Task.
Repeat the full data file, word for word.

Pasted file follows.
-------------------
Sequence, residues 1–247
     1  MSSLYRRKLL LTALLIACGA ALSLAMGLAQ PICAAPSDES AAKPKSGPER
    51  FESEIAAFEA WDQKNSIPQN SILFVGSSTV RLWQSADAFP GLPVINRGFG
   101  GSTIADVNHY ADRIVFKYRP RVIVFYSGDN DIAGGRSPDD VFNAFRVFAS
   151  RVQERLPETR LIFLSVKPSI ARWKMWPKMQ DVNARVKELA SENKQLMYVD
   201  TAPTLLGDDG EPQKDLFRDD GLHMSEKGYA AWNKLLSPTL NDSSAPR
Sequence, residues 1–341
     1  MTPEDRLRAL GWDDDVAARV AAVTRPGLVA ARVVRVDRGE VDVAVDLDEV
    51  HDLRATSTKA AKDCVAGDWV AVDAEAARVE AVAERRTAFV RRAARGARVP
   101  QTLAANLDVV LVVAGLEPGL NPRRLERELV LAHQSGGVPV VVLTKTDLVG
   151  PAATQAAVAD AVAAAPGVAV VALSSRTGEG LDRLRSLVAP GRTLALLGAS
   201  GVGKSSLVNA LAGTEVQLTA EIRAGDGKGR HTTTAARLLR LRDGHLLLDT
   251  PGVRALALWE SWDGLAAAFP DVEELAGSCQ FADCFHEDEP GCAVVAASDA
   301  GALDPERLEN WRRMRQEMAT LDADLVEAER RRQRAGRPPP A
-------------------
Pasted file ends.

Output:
Sequence, residues 1–247
     1  MSSLYRRKLL LTALLIACGA ALSLAMGLAQ PICAAPSDES AAKPKSGPER
    51  FESEIAAFEA WDQKNSIPQN SILFVGSSTV RLWQSADAFP GLPVINRGFG
   101  GSTIADVNHY ADRIVFKYRP RVIVFYSGDN DIAGGRSPDD VFNAFRVFAS
   151  RVQERLPETR LIFLSVKPSI ARWKMWPKMQ DVNARVKELA SENKQLMYVD
   201  TAPTLLGDDG EPQKDLFRDD GLHMSEKGYA AWNKLLSPTL NDSSAPR
Sequence, residues 1–341
     1  MTPEDRLRAL GWDDDVAARV AAVTRPGLVA ARVVRVDRGE VDVAVDLDEV
    51  HDLRATSTKA AKDCVAGDWV AVDAEAARVE AVAERRTAFV RRAARGARVP
   101  QTLAANLDVV LVVAGLEPGL NPRRLERELV LAHQSGGVPV VVLTKTDLVG
   151  PAATQAAVAD AVAAAPGVAV VALSSRTGEG LDRLRSLVAP GRTLALLGAS
   201  GVGKSSLVNA LAGTEVQLTA EIRAGDGKGR HTTTAARLLR LRDGHLLLDT
   251  PGVRALALWE SWDGLAAAFP DVEELAGSCQ FADCFHEDEP GCAVVAASDA
   301  GALDPERLEN WRRMRQEMAT LDADLVEAER RRQRAGRPPP A